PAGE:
11 April 2022
Bloomington Police Chief Booker Hodges was sworn in to office Monday evening at the City Council meeting. The former assistant Minnesota Public Safety commissioner spoke earlier in the day with the Star Tribune about his career and childhood experiences, the state’s historic number of Black chiefs and a self-care routine that includes really loud music. The interview has been edited for length and clarity.
Q: You’re open about surviving domestic violence and losing your mother to head trauma when you were just 12. How do you think that experience influences your work in law enforcement?
A: I think I’ve always had an intrinsic affinity to advocate for people who don’t have a voice, or people who haven’t been represented. My mom really didn’t have a voice, and there are so many people that are out there like her, and it shaped how I view this profession. We have to focus on victims.
But I never did want to be a cop growing up. My dad disliked police officers. When she died, they were debating whether they were going to arrest my dad for murder. And they were in my kitchen and they said, “Well, why would we do that? We’d just put two more N-word kids in foster care.”
I think God just called me to do this. It’s hard to explain how I got here.
Q: There have been few Black chiefs in Minnesota — around a dozen and no more than five at once, as you know from your work with the National Organization of Black Law Enforcement Officers. How do we get more Black leaders in law enforcement?
A: It all starts at the feeder level. Right now, I think we’re at less than 200 Black officers in Minnesota. So if you don’t have Black police officers, it’s going to be pretty hard to get Black chiefs.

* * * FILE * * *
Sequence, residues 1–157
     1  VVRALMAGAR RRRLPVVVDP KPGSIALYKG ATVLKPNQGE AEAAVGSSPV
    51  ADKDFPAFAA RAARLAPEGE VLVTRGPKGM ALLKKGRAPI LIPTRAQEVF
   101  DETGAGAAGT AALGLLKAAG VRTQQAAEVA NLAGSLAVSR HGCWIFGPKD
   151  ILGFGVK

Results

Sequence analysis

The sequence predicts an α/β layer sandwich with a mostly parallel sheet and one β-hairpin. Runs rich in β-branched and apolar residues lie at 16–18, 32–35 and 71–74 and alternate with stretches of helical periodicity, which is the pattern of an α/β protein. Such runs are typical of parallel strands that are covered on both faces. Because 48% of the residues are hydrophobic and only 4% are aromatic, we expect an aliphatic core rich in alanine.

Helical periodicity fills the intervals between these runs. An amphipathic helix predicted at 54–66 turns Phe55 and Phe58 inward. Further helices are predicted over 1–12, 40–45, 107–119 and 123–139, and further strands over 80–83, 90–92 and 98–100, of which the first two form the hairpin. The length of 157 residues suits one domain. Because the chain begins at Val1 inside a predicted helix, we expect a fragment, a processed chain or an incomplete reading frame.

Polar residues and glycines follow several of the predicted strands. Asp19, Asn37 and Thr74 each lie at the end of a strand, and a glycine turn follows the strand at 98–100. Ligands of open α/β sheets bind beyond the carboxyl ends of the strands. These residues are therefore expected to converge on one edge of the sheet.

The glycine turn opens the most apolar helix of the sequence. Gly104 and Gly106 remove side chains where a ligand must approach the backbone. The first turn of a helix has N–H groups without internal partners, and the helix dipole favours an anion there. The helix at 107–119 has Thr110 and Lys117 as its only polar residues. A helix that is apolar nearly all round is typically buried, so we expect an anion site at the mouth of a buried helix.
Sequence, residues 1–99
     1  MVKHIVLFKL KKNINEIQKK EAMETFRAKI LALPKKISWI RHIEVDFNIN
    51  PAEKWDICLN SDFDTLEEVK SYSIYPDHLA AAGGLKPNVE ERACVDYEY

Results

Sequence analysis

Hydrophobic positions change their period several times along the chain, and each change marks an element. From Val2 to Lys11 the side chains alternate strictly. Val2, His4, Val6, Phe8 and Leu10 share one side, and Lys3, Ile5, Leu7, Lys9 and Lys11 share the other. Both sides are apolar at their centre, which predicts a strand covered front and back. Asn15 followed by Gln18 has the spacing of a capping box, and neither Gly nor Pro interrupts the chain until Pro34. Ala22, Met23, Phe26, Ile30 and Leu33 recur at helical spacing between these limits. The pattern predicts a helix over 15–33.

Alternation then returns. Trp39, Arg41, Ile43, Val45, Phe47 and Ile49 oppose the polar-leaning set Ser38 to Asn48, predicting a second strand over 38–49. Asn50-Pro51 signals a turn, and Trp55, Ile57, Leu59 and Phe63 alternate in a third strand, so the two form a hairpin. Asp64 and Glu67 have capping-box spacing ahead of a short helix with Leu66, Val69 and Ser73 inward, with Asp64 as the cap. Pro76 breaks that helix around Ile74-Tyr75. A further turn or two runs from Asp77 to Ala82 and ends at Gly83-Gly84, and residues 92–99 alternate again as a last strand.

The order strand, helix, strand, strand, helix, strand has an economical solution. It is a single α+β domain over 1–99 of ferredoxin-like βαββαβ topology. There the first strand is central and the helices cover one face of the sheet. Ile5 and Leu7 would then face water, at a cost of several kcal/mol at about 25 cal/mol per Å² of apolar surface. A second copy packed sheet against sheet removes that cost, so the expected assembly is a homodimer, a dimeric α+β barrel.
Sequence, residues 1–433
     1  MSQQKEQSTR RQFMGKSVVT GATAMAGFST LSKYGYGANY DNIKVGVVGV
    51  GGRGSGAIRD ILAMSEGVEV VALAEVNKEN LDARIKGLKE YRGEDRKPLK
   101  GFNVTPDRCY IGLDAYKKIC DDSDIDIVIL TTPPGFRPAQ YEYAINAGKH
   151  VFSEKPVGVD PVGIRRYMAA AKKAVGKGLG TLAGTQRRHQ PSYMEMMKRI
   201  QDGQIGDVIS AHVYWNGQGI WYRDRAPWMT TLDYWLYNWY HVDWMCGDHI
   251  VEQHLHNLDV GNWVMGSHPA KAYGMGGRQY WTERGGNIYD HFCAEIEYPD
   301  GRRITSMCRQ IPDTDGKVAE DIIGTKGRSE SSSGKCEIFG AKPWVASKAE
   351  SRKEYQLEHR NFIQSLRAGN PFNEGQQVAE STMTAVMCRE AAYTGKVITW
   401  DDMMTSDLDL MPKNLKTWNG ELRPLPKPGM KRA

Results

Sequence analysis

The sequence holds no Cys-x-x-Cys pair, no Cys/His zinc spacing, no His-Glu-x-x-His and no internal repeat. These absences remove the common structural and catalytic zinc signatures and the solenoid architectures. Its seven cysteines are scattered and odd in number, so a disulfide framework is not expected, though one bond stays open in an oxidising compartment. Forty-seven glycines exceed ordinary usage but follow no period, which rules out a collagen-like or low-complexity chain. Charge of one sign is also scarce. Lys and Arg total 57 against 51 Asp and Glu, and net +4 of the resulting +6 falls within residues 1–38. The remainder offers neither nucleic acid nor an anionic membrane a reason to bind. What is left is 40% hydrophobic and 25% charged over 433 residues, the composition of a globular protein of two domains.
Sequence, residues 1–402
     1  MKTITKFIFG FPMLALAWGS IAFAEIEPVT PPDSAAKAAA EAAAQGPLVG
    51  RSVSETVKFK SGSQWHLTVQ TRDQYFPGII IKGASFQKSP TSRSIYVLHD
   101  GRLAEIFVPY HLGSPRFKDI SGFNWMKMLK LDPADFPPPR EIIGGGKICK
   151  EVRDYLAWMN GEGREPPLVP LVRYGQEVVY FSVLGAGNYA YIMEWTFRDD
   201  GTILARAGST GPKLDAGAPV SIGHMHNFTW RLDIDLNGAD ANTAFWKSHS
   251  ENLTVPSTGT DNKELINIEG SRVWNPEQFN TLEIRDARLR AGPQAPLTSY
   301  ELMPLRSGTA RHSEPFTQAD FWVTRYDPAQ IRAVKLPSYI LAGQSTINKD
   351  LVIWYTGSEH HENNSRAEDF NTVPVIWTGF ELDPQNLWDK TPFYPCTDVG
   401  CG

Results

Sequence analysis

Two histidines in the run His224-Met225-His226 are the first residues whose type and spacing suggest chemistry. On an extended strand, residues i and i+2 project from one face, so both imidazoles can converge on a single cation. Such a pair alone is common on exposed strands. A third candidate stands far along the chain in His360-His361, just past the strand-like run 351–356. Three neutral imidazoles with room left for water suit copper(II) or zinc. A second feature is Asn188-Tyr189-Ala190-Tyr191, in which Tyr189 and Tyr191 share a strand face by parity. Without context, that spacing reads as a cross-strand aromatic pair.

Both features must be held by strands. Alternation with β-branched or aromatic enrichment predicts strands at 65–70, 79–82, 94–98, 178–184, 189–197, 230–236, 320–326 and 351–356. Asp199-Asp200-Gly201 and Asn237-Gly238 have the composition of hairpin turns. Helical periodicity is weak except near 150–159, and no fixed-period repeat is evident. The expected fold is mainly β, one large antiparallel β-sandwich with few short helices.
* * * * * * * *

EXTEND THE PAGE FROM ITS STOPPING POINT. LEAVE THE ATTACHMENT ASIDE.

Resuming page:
And it’s incumbent upon us to really start getting these departments to reflect the communities that we serve. Cops want that because they know it makes everybody’s job that much easier.
I think we might be at a record. If Virgil Green gets appointed in Golden Valley, then we will be at six African American chiefs in the state.
Q: How has the past three years at the Department of Public Safety changed your view of policing? And will you take on being Bloomington chief differently than Prior Lake chief?
A: I’ve always believed that law enforcement is the most noble profession on the face of the earth. So that part hasn’t for me changed; if anything, the three years at the state has just helped reinforce that.
In terms of what I did at Prior Lake, I really don’t have any plans to change. I mean, it’s worked. Officer wellness, mental health checks — Bloomington, they’re already doing some of that. We did change our mission, vision and values to basically respect. If we are the most respectful department, we will be the most respected department in the country.
Q: You have said people look at Minnesota as the worst law enforcement state in the country. How does the profession move forward, especially since the murder of George Floyd there have been other high-profile police killings.
A: I do want to clear this up: people outside of Minnesota believe that about our law enforcement because of some of the high-profile incidents. But I personally believe that couldn’t be further from the truth.
These high-profile instants, they’re not reflective of the general profession in my opinion. I say this because growing up as a kid in north Minneapolis, every time on TV, everybody that committed a crime looked like me and I knew I wasn’t a criminal. I knew that was not reflective of the people who had my skin color. That’s the same philosophy that I apply to law enforcement.
Q: How do you care for and maintain your well-being in such a trying profession?
A: If you ever come in my office, you’ll see I got a Bible on my desk. I’m a believer in Christ, so that’s my foundation. Otherwise I journal a lot, I like watching my kids play sports and on the side, I like to listen to electronic dance music really loud. I’m an EDM [electronic dance music] fan. SIMshows is the big promoter here so I go to some of their concerts at the Armory that they do. The last one Tiësto came here, I was at that one.